Living with Abdominal Adhesions

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Did you know there is a chance you are living with abdominal adhesions right now and you don’t even know it? When you have trauma or surgery in your abdomen or pelvis, you run the risk of developing abdominal adhesions.

What are Abdominal Adhesions?

Bands of internal scar tissue known as abdominal adhesions develop between your intestines and other abdominal organs. Adhesions develop to aid the body’s recovery following surgery, an infection, or trauma. They can also form following an injury, illness, or radiation exposure. In other words, you did nothing to generate these abdominal adhesions. They are a typical part of the healing process following surgery.

What can Cause Abdominal Adhesions?

Although abdominal adhesions form within a few days of surgery, symptoms may not manifest for months or even years. They can develop as a result of:

  • Infection
  • C-section/pregnancy
  • EDS
  • Surgery incisions
  • Injury/inflammation
  • Trauma to the area

Scar tissue is formed by your body when it heals, thus it is possible that scar tissue will form if the tissues inside your tummy or pelvis are damaged. Scar tissue is typical. Scars can appear on your skin as well as inside your body.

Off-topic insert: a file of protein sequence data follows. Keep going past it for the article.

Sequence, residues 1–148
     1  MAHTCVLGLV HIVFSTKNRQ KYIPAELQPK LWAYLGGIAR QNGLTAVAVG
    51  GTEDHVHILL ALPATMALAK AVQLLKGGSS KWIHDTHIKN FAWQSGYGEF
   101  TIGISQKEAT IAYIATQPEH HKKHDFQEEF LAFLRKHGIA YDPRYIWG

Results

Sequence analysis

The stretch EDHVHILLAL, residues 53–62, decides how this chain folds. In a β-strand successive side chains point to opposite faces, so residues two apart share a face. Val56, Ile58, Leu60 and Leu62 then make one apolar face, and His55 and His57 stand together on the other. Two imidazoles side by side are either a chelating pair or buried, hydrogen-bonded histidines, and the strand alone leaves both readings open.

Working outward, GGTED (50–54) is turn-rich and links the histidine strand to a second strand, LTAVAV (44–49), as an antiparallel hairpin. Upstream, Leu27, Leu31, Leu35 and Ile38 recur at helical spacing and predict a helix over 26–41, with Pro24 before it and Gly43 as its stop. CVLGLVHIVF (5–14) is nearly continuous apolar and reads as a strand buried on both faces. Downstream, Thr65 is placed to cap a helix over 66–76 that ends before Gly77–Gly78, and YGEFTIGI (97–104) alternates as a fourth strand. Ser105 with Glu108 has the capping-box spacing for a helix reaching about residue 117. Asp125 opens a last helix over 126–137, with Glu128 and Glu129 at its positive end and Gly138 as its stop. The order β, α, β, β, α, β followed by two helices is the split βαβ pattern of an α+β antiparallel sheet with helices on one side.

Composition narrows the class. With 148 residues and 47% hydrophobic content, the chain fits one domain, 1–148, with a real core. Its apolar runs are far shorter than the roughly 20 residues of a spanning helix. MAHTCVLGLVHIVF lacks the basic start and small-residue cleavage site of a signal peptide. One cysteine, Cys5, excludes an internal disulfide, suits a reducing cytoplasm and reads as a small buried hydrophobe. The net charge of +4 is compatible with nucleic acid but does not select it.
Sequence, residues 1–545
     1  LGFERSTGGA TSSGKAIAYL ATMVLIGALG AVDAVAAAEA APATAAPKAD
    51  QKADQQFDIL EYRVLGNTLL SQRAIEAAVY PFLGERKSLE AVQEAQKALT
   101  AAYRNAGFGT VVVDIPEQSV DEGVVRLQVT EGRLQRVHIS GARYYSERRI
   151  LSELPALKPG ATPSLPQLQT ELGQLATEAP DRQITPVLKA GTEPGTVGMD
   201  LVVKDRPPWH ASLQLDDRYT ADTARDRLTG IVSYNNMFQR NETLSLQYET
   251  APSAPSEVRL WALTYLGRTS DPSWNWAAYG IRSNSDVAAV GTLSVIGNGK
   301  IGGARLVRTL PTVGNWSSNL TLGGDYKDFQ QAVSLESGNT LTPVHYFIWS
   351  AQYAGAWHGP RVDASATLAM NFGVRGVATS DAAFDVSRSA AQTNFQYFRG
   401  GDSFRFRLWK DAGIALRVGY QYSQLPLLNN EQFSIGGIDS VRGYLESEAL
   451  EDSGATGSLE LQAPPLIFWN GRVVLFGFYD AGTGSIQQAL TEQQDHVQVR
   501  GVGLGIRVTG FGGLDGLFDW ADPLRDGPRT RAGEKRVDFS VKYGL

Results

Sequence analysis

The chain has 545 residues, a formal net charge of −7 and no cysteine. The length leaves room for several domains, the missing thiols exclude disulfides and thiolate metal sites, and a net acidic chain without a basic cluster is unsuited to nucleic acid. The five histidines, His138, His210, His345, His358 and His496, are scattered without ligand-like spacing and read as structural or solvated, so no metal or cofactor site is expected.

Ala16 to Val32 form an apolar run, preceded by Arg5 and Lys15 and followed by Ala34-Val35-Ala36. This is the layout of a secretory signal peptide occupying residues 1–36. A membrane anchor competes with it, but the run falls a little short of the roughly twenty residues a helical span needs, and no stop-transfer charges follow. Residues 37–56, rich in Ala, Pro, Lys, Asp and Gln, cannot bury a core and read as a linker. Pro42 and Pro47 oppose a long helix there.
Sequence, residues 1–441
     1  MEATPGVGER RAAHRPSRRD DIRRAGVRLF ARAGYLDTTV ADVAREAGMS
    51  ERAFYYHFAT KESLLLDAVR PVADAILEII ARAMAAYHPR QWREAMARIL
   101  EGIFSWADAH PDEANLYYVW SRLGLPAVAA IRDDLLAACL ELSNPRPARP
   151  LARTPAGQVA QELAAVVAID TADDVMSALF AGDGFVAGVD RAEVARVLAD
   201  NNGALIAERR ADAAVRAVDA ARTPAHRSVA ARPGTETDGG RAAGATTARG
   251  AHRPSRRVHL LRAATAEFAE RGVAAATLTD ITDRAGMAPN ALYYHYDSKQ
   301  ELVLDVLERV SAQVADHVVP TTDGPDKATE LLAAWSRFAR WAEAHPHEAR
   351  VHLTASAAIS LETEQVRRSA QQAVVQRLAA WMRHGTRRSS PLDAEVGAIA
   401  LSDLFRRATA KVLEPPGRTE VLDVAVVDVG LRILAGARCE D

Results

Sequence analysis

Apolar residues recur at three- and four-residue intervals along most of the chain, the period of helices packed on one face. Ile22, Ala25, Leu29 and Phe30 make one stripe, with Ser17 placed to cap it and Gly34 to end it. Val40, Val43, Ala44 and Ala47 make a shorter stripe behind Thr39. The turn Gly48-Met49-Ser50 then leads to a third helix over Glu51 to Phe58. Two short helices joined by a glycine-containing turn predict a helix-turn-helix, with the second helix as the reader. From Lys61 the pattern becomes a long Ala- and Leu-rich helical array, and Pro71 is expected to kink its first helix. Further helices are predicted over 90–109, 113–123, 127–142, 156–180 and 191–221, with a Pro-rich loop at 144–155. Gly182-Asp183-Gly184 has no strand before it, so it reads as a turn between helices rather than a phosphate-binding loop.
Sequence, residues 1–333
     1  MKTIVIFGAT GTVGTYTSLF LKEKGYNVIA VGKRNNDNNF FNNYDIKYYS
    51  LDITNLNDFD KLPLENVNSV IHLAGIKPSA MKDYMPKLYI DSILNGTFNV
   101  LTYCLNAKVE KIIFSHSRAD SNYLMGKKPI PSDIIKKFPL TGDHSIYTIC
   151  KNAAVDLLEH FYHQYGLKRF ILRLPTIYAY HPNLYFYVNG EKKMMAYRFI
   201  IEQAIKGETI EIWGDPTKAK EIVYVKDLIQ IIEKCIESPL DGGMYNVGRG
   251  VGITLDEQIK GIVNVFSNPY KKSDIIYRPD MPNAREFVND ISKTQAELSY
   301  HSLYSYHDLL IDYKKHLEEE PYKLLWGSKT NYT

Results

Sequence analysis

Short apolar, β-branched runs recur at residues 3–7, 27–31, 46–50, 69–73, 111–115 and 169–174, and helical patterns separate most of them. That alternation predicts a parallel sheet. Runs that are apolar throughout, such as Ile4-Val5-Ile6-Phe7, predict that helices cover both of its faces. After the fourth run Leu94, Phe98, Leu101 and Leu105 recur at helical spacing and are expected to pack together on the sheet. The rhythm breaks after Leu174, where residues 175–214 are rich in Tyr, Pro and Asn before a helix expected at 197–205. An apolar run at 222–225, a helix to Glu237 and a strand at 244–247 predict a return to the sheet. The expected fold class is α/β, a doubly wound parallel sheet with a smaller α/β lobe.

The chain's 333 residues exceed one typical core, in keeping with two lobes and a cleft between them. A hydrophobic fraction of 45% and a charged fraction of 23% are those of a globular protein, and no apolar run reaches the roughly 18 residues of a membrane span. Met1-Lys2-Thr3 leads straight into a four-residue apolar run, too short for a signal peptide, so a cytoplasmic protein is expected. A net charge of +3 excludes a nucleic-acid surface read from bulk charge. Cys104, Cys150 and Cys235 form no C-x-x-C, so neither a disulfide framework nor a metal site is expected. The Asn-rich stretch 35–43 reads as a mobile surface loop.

What Symptoms do Adhesions Cause?

Everyone is affected differently by adhesions. Many patients have no symptoms at all. Some only have a few symptoms that disturb them. Others experience symptoms that interfere with their daily lives.

Internal tissues and organs are normally made up of slippery surfaces that prevent them from adhering together and allow them to shift readily as the body moves. Abdominal adhesions, on the other hand, cause tissues and organs in the abdominal cavity to adhere together. Additionally, they have the capacity to displace the small and large intestines, leading to an obstruction inside. This could potentially lead to pain, autonomic dysfunction, gut problems, bowel obstructions, and other complications.

How do You Identify and Treat?

At PARR PT, we address abdominal issues, using visceral manipulation, which allows the fascia to be more neutral and not tug on any organs or tissues. This technique assists us in determining which fascial regions are creating the abdominal adhesions. We can then identify how to begin resolving abdominal adhesions by specialized treatments to determine the area of most constriction.

Next Steps

If you are dealing with abdominal adhesions, myokinesthetic technique, visceral manipulation, and specialized physical therapy treatments could be a huge help and provide you with a lot of relief!

We hope that this blog and video have given you a better understanding of what abdominal adhesions entail and how we treat them in our clinic. This overview only touches the surface of adhesions. If you’re interested in learning more about what we do or scheduling a session, please get in touch with us here. You can always visit our YouTube channel, where we provide more useful tips and tricks.

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